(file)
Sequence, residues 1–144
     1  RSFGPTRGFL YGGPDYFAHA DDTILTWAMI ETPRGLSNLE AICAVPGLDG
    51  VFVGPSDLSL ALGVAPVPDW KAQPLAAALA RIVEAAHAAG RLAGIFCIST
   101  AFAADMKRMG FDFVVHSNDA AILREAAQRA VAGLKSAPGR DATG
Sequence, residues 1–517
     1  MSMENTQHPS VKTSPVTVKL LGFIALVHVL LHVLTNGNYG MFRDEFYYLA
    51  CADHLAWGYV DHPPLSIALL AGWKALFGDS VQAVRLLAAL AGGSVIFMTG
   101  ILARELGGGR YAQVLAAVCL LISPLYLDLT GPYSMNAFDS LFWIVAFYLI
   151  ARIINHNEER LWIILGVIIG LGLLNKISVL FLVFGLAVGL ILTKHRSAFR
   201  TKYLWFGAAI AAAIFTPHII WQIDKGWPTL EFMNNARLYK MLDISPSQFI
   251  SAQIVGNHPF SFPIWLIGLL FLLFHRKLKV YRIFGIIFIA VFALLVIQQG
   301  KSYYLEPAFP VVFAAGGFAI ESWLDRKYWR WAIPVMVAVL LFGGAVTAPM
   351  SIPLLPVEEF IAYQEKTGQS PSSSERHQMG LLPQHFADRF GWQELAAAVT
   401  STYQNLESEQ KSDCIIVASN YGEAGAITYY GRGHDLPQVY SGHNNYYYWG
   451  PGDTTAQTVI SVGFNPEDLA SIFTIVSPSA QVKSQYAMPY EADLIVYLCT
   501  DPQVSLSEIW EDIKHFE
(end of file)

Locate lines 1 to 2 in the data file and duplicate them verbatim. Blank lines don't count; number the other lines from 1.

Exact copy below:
Sequence, residues 1–144
     1  RSFGPTRGFL YGGPDYFAHA DDTILTWAMI ETPRGLSNLE AICAVPGLDG